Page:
Effects of homelessness Truancy Testing & test scores Learning loss Lack of participation in school activities Increased behavior issues
Transportation...is the NUMBER ONE barrier that homeless children and youth faced in attempting to enroll in and attend school regularly. Source: US Dept. of Education, revised non-regulatory guidance for McKinney Vento. July 2004.
Legal/Ethical Considerations Does the ASCA Ethical Code (e.g. maintaining confidentiality) trump the legal aspects of McKinney-Vento? NO! M-V is federally funded and part of NCLB. Therefore, we must identify and report students in need of services to our building/district liaison.
Multicultural considerations Family Structure & Cultural Norm o Doubling Up Systemic inequities o Specific at-risk populations Cultural competency
Special Education: IEPs & IDEA Child find requirements o Highly mobile homeless children often fail to remain in one school long enough to be appropriately diagnosed with a disability. All IDEA laws and evaluation timelines still apply to homeless students o LEAs use M-V subgrant funds for expedited evaluations. School of enrollment should make a timely request of school records from previous school attended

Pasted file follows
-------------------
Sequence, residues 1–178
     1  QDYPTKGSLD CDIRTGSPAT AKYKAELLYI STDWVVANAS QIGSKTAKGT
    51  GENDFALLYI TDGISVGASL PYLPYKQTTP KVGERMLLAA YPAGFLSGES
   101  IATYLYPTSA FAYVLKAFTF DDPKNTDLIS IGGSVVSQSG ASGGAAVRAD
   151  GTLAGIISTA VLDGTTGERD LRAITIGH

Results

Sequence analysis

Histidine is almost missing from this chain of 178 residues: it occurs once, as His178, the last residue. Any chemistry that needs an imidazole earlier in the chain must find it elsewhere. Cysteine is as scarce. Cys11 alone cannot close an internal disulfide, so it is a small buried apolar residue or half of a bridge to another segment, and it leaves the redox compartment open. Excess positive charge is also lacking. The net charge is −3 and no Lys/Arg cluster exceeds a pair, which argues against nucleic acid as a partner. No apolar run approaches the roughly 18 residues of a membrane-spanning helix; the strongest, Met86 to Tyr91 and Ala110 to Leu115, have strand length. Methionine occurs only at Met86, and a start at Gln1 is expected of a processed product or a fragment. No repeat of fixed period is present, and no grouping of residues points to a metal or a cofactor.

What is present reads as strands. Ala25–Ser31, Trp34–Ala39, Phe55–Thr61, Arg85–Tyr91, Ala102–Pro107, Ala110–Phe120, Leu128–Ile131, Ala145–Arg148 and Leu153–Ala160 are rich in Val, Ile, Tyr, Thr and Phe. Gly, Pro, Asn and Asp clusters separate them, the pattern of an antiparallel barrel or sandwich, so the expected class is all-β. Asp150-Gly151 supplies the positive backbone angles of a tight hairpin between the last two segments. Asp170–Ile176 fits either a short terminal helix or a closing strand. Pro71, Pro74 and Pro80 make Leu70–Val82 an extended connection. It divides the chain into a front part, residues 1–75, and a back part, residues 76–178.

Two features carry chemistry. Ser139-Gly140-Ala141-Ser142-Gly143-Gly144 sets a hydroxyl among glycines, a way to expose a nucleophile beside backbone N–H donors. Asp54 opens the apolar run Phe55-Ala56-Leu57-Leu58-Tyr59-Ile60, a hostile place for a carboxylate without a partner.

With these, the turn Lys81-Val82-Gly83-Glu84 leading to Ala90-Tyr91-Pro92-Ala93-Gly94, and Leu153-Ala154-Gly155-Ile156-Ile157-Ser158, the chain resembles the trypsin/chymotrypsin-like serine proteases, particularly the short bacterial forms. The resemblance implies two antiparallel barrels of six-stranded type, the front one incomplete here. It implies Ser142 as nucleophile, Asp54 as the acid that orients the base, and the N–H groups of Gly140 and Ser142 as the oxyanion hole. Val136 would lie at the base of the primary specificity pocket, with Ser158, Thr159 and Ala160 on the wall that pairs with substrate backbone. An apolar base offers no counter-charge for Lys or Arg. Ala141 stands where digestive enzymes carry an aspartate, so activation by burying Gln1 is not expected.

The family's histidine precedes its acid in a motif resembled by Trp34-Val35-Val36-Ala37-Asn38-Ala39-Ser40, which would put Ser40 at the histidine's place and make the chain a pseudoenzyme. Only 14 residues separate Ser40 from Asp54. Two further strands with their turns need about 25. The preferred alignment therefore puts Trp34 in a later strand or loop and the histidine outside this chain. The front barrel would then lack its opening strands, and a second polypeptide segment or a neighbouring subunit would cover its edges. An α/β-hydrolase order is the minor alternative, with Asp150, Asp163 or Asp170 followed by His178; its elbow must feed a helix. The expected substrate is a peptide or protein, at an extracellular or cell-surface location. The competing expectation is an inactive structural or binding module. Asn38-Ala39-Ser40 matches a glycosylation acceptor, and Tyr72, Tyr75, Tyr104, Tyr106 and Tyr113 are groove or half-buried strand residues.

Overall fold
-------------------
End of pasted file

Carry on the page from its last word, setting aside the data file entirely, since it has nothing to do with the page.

Interview with Tukwila SD M-V Liaison Common FAQ’s o MV Qualifications, Housing information, What do to between 211 and getting housing? Misconceptions o Residency forms are a GUIDE to qualification. o Doubled up--Is the family choosing to split costs or truly doubled up? Liaisons can make sure that students are enrolled immediately, have school supplies, transportations, and are having their basic needs being met. Liaisons can not be the “housing fairy” or find immediate solutions for every family. o HUD definitions of homeless will make things harder for families. SC’s should know… o The best interest of the child. o Use “M-V” instead of “homeless” to avoid stigmatizing the student’s situation. o Classification is required annually. o A student may not be able to attend just because they are M-V either: 1. School of Origin 2. Neighborhood School 3. School you were at when becoming M-V (may not be School of Origin. SC’s serve as the go-between. Educate school staff about M-V. Teachers may need to know what is going on the help better understand what the student is going through. Be empathetic to the family who in many cases are just trying to survive. KNOW YOUR M-V LIAISON! Especially in bigger districts where you might not have as much contact. Kathleen Gantz, Parent Involvement Coordinator & M-V Liaison